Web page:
By now everyone is all turkeyed out, as I thought I was...then a different riff on a turkey sandwich. My partner made a turkey salad club. I took that idea in a slightly different direction and just crumbled bacon into my turkey salad (with celery, Duke's mayo, S&P and Penzey's Barbecue of the Americas seasoning), then warmed some ciabatta, slathered on my mom's cranberry-orange relish and YUM! I'm having this for lunch tomorrow, too. Though once this is over, I am officially all set with turkey for the rest of the year, I think! :)

                    1. re: kattyeyes

                      sounds amazing, and I still have 4 turkeys in my freexer, will probably start cooking one a month after New Year's. Love the bacon and turdky salad idea for a change!

                  2. Great subject, and something that I've been working on lately in order to control what was an out of control food budget. My latest favorite is crepes and veloute sauce.

                    Out of lobster rolls and various shrimp dishes - stock made from the shells and some vegetables.

                    Out of that stock - a veloute sauce (so surprisingly low calorie) for beautiful grey sole.

                    Out of that dinner, and some scraps of fish and shrimp in the freezer, and the liquid from poaching the beautiful grey sole - more veloute sauce, combined with the shellfish one, stirred into the leftover fish scraps (sauteed in butter, herbs, white wine reduction, shallots), used for filling in crepes. Top with diluted veloute sauce and baked.

                    6 Replies
                    1. re: MMRuth

                      A process of making the good sublime! Brava, MMR.

                      1. re: buttertart

                        Thanks. I'm coming to have more and more appreciation for the French and their use of leftovers.

                        1. re: MMRuth

                          Oh - another thing that I do - if I have leftover braised short ribs or beef stew - quite a bit of sauce and a little bit of meat - I dilute the sauce, shred the meat, add some vegetables, and serve it as a soup.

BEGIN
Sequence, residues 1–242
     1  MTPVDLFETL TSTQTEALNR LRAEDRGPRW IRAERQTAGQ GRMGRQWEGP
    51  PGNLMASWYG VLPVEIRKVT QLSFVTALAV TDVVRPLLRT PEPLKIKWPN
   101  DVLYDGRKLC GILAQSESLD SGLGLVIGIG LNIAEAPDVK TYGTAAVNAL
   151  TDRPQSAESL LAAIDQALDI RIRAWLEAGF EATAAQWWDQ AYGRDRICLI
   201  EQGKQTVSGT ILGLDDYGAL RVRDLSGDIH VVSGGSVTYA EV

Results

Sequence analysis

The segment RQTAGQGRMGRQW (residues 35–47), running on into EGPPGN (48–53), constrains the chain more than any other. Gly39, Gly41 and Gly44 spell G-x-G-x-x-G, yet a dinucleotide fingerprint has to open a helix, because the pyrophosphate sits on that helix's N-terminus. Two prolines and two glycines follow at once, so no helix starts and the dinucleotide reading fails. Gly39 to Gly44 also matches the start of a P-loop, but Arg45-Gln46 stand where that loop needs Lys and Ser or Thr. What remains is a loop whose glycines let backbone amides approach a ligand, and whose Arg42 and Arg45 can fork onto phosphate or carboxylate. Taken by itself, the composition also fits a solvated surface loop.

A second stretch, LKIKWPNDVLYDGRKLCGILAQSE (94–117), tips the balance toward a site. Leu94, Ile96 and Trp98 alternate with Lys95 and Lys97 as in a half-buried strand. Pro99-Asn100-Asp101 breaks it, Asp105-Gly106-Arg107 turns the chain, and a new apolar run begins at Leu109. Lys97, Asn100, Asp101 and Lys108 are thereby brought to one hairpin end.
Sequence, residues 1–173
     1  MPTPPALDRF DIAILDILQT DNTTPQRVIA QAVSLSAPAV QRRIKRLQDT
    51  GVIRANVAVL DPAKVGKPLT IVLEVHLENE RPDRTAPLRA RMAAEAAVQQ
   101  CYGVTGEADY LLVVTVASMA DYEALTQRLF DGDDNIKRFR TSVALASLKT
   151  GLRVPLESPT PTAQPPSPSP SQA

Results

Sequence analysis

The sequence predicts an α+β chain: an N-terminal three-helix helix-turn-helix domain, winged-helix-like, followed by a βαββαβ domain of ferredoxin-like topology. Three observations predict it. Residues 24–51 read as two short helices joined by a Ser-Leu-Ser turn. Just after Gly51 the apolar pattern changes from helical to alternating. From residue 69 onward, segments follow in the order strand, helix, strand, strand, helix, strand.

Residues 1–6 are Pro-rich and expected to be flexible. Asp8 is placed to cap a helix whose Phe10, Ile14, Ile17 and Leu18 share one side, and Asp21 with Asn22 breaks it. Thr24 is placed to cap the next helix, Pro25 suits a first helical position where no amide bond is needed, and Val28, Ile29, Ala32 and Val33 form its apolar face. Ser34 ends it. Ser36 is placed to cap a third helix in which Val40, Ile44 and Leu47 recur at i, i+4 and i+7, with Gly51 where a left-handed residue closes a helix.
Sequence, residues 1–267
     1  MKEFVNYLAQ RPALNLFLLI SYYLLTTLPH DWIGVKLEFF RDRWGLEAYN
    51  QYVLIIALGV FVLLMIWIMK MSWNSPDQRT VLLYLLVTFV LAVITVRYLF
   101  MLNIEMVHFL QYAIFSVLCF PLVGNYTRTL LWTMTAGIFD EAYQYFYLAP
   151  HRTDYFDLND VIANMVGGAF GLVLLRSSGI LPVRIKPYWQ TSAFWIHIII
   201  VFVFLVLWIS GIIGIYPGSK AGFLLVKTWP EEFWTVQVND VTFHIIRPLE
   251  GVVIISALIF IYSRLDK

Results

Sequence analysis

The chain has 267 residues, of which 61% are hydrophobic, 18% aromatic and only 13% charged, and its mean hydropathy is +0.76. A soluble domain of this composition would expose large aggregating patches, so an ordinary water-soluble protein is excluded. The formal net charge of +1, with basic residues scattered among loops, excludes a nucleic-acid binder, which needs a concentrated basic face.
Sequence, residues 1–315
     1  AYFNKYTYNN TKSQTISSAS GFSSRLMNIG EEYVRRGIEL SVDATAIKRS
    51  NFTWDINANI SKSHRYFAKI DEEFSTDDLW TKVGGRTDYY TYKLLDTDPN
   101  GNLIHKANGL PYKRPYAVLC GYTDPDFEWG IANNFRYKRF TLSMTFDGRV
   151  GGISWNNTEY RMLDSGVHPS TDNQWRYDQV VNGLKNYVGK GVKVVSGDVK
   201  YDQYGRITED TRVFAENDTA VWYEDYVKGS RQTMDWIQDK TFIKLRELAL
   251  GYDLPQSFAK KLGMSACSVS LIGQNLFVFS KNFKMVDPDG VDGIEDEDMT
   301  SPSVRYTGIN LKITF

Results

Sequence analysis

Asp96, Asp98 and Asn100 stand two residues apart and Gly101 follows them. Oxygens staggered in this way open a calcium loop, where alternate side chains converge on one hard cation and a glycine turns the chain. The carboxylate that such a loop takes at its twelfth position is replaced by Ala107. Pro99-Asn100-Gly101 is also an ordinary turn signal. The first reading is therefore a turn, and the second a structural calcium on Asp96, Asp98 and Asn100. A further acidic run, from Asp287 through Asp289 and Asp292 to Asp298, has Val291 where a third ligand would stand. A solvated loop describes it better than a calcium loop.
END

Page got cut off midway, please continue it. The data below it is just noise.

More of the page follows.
1. re: MMRuth

                            I do the same thing with my short ribs braising liquid -- it makes the most decadent, rich soup! My favorite is to make a beef barley soup.

                        2. re: buttertart

                          Nice! Will definitely try this! thanks

                        3. re: MMRuth

                          Wow, YOU just raised the bar, didn't you?!? Love the crepe idea. Need so little.

                        4. Just about any leftover pasta dish: heat it up in a deep skillet over low heat, then add beaten eggs. Cook low and slow, and you'll end up with a unique version of a Spanish Tortilla.

                          1. We've been known to eat for the better part of a week off a couple of chickens. Roast chicken is its own meal, but also yields leftover meat and plenty of stock.

                            Chicken and vegetable soup and/or chicken and dumplings are always a hit. Thicken up the leftover soup and make chicken pot pie.

                            Of course there are lots of good chicken and pasta dishes - chicken tetrazzini, penne with chicken, wilted arugula, pignoli, and parmesan, or cold chicken / broccoli pasta salad with a spicy peanut / sesame dressing.

                            Chicken stock adds depth to red or green chile sauce. Which, if there's any meat left, is as good an excuse as any to make chicken enchiladas.

                            It goes on and on...

                            3 Replies
                            1. re: alanbarnes

                              I just ground up some cooked chicken and turned it into a stove-top, lasagna kind of dish. It was good.

                              1. re: pikawicca

                                What a good idea that is. I frequently have a little chicken, beef, etc. I'll try that.

                              2. re: alanbarnes

                                We do lots of "rubber chicken" dishes too! Would like the recipe for cold chicken/broccoli pasta salad with spicy peanut sesame dressing!

                              3. AHA! Judith Jones said it best "Second Rounds!" Not leftovers. What a lady!

                                2 Replies
                                1. re: kattyeyes

                                  I have no problem with leftover money or leftover men or leftover food :)

                                  1. re: kattyeyes

                                    Or, as Julia Child so eloquently put it, "Feasting on the Remains."

                                  2. This reminds me of a Faith Willinger recipe, in "Red, White and Green," (or it could've been an old Saveur article, I forget) which describes the white bean cooking/prep cycle: Day 1: Cooked beans. Day 2: Minestrone. Day 3. Ribollita. This is also a cooking cycle for the minestrone, and for the nice crusty bread that you ate with it, which is now stale, so you add it to the soup the next day for the ribollita. And the minestrone also uses up that parmesan rind you've been saving in the fridge.